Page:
The animosity aroused by Velázquez, especially after a much-acclaimed equestrian portrait –now lost– of Philip IV in 1625, culminated in a competition two years later when Philip commissioned a painting to celebrate the expulsion of the Moriscos, decreed by his father, Philip III, in 1609. [Moriscos: Muslims converted to Christianity and their descendants.] Four painters, including Velázquez and Carducho, were involved, with Velázquez being declared winner. (All four paintings are lost.). He was rewarded by being named Usher of the Privy Chamber, a highly desirable position which set Velázquez above the other court painters.
Velázquez’s experience at Court was enriched by the arrival in August 1628 of the Flemish artist Peter Paul Rubens (1577-1640). This was Rubens’s second visit to Madrid and its purpose was primarily political. Nevertheless, he also brought eight of his own works with him, destined for Philip, among Rubens’s greatest admirers. His political work quickly carried out, Rubens was able to spend time painting in the studio provided for him at the palace. Rubens stayed nine months in Madrid, during which time he painted at least five portraits of the King and several of the Queen and other members of the Royal family. He also accompanied Velázquez to the Escorial to admire the paintings of Titian.
Velázquez’s output was modest during his first six months in Madrid. López-Rey, in his catalogue of Velázquez’s complete works, lists 15 paintings, mostly portraits, with several of the king and two of Olivares. Nevertheless, perhaps his most striking work of the 1620s is the caricature of the mythological god Bacchus in Los Borrachos-The Drunkards (aka The Feast of Bacchus, 1628-29).
However, the exuberance of Rubens’s art did not have a direct or lasting influence on the more sober Velázquez, although Rubens’s “sketchy notational brushwork” (Brown J 179b) was a technique that certainly did impress the young Spaniard. And regular contact with such an esteemed painter undoubtedly opened Velázquez’s eyes to new artistic challenges and horizons. The Flemish master may also have had a hand in persuading Philip to let Velázquez visit Italy, still the artistic mecca/ destination for ambitious painters.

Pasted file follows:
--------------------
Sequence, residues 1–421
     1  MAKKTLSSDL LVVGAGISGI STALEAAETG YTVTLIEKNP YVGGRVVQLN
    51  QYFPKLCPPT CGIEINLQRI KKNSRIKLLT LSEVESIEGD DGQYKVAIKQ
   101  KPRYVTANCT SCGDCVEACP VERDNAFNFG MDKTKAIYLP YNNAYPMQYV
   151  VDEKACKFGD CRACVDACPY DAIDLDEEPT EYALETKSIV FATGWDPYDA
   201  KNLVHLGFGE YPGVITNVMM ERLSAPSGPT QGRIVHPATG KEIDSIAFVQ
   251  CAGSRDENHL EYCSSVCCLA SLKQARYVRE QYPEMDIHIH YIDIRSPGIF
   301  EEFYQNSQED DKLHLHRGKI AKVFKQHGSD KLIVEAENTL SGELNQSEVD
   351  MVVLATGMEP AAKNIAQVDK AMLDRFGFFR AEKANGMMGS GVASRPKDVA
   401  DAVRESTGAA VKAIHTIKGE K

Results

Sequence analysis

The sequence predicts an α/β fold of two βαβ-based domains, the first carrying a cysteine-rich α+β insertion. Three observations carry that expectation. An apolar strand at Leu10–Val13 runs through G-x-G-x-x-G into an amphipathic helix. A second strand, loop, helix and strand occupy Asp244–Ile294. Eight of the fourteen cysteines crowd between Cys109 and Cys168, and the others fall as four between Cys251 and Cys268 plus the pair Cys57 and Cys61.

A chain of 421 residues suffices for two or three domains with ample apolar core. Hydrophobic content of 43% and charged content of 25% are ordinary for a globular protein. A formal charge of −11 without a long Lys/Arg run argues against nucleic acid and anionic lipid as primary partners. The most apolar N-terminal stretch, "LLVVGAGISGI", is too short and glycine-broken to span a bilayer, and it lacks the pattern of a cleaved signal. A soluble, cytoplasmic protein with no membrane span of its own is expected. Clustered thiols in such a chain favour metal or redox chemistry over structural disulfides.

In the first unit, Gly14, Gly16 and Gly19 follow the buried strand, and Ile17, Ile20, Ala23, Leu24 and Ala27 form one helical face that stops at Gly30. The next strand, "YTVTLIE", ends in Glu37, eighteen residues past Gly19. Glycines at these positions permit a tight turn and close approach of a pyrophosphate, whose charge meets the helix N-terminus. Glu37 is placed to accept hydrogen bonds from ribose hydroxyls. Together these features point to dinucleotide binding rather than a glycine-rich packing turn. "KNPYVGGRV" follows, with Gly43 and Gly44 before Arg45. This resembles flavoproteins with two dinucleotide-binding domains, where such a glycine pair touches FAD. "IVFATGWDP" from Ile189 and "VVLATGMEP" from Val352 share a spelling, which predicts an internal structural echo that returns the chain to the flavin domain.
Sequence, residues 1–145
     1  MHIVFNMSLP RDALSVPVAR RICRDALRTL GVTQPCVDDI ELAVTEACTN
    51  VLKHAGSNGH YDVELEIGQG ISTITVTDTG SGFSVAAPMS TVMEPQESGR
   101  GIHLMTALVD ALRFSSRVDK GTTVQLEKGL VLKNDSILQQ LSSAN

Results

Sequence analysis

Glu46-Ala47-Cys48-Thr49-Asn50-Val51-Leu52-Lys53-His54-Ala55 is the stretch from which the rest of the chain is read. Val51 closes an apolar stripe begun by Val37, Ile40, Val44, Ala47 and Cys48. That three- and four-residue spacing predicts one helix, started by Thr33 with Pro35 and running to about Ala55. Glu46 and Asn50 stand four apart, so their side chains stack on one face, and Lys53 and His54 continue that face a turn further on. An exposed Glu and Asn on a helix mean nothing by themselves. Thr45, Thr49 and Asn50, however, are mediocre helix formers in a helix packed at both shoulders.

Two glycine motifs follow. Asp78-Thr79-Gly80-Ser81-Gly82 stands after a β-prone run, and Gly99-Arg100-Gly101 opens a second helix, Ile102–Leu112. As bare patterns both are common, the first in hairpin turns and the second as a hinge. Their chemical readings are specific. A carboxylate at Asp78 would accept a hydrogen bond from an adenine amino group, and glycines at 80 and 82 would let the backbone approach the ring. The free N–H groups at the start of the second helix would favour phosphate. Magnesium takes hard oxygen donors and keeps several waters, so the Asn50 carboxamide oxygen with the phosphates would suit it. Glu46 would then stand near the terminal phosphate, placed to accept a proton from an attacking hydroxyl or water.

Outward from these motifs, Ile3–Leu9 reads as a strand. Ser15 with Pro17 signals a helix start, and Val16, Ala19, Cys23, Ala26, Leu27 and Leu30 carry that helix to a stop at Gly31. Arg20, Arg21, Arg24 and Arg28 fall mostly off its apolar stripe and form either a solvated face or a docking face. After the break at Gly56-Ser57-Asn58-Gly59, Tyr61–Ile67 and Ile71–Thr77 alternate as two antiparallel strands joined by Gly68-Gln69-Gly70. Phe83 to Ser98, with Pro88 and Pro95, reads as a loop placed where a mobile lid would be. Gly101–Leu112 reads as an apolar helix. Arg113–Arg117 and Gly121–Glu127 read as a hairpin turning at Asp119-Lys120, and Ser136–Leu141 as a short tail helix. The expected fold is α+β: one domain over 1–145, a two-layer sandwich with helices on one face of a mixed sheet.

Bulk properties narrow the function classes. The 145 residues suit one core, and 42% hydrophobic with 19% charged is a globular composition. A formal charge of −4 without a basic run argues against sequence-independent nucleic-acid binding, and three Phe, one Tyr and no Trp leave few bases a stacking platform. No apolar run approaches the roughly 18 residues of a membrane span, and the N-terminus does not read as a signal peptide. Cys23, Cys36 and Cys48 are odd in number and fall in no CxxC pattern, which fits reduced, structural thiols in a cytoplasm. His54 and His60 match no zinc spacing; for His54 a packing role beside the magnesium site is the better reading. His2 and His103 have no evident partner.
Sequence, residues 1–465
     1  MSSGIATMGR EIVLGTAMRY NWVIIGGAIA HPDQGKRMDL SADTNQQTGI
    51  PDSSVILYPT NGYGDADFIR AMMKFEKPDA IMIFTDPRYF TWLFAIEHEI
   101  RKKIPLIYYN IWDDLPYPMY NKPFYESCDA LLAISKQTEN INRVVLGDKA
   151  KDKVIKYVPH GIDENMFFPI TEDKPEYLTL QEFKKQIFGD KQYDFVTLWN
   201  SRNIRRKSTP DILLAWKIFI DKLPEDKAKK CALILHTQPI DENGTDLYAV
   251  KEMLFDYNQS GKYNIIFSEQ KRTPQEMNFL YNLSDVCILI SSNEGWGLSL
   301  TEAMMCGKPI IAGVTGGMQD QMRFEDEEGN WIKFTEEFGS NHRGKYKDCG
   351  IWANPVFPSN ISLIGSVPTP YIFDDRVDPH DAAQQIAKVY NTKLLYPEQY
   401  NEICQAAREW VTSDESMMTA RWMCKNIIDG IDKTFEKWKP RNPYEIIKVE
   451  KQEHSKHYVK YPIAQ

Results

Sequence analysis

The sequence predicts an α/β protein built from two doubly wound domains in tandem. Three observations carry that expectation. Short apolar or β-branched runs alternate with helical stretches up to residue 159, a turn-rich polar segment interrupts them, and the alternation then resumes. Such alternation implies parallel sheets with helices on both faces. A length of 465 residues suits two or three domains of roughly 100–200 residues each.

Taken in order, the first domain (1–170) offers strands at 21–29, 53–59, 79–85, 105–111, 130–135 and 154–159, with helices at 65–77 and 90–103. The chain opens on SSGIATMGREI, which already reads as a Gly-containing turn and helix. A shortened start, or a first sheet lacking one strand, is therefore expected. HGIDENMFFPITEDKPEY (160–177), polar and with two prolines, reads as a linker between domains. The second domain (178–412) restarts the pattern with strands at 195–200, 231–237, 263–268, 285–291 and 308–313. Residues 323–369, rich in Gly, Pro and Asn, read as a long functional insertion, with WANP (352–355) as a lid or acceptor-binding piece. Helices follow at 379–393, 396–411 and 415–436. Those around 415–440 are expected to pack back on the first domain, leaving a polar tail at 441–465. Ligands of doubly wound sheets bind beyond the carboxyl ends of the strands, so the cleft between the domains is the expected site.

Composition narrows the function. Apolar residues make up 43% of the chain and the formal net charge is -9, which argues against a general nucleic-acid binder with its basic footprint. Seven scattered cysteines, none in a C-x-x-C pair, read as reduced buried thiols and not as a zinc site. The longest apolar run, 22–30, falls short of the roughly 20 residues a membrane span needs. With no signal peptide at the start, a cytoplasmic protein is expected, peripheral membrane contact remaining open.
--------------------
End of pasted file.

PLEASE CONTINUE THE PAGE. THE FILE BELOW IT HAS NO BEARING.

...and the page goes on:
Velázquez in Italy 1629-31.
Velázquez arrived in Italy in August 1629. During his time there he travelled widely studying the masters although he spent most time in Rome. While in Rome, he painted another caricature of the mythological world, this time of the god of fire, Vulcan, in the Forge of Vulcan 1630.
In the same year, he also painted two small studies of the Villa Medici, a place he escaped to in order to avoid the summer heat of Rome. The studies are small impressionistic garden scenes of remarkable originality. Predictably, Velázquez was much admired by the Impressionists.
There is not total agreement that these were painted in 1630 since they are not dated. It has been argued, based on the impressionistic style, that they were in fact painted c. 1650, during Velázquez’s second trip to Italy.]
By the end of 1630, Velázquez was on his way back to Madrid. Taking something of a circuitous route from Rome, he called at Naples (which was then part of the Spanish crown) where he must have met his fellow countryman and artist, José (Jusepe) de Ribera. Velázquez arrived back in Madrid in January 1631 at the time when plans were being made to build the pleasure palace of the Buen Retiro. Velázquez was to do some of his finest paintings for this immense palace.
Brown, Dale The World of Velázquez 1599-1660 New York 1969.
Brown, Jonathan Painting in Spain 1500-1700 Yale 1998.
Witschey, Erica ed. The Prado Masterpieces, trans. Philip Sutton, London, New York: Thames and Hudson 2016
Lopez-Rey, Jose Velázquez. The Complete Works Cologne 1997.
Tiffany, Tanya J. Diego Velázquez’s Early Painting and the Culture of Seventeenth-century Seville Pennsylvania 2012.
Philip IV: https://www.metmuseum.org/art/collection/search/437873
Los borrachos: https://en.wikipedia.org/wiki/The_Triumph_of_Bacchus
Forge of Vulcan: https://en.wikipedia.org/wiki/Apollo_in_the_Forge_of_Vulcan
Villa Medici: https://www.wikidata.org/wiki/Q954473